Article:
The problem with "number of views"
When an online video series claims a hundred million views, but absolutely no one you know has ever even heard of it, something might be off. When an online video claims to have a hundred thousand views and it only has two comments, something might be off. In general, online viewership metrics aren't standardized, and one of the reasons web video advertising hasn't taken off is because advertisers don't know how valuable a "view" really is.
If a video is embedded in a web page and automatically starts playing, only for the visitor to immediately click stop as fast as they can find the button, should that count as a view? Absolutely not, but in most cases it does. How much of a video should I have to watch for it to be counted as a view? 90%? 50%? 1%? In most cases, the stats you see bandied about on the web today are based on number of video starts; there is no guarantee that any of those "viewers" stuck around to actually watch the content. As Jim Louderback says over on AdAge, "It would be like channel surfing past "ESPN 8" on the way to Monday Night Football, and having Nielsen count you as a viewer of the Dodgeball Championship on "The Ocho."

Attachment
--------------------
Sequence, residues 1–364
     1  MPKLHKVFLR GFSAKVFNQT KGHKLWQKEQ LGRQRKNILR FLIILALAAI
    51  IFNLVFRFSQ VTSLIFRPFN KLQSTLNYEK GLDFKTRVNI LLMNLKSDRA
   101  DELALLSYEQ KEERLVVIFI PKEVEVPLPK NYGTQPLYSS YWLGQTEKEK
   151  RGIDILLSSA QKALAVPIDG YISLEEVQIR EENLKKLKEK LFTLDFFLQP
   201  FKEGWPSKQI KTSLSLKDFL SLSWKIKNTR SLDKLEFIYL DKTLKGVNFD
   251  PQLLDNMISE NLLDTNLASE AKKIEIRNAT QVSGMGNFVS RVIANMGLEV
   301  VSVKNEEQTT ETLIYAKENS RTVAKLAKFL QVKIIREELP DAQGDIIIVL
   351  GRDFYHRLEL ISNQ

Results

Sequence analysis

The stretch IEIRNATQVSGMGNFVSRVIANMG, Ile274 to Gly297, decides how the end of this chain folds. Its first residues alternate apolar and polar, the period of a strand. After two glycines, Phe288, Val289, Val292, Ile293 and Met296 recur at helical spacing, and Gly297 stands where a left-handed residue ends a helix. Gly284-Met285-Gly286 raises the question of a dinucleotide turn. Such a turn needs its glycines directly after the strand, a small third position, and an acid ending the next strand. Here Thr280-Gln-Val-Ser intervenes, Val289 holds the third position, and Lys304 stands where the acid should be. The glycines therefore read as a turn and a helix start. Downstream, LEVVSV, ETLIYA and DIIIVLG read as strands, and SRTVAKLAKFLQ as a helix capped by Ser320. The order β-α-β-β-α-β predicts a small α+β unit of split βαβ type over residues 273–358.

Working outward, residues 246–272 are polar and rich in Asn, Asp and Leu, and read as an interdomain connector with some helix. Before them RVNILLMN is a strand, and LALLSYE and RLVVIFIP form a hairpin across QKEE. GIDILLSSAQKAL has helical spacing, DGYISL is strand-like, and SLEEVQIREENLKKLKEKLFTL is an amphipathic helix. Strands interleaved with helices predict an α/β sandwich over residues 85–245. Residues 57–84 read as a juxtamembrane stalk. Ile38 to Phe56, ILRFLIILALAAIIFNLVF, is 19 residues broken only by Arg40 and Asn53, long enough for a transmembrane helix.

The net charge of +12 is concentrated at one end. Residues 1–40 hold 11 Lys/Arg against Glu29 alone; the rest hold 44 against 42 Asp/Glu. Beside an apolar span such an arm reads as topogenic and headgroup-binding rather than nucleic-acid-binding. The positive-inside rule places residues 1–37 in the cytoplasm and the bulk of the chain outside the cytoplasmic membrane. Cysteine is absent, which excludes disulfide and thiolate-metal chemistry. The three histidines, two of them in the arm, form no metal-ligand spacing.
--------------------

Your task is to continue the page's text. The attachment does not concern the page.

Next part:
Collectively these inflated claims cheapen the value of online video, because everyone likes to say, "my YouTube upload got 50 million views" so they can hear you respond, "wow." But until we have a widely-adopted standard for what constitutes a view, take any public boasts with a grain of salt.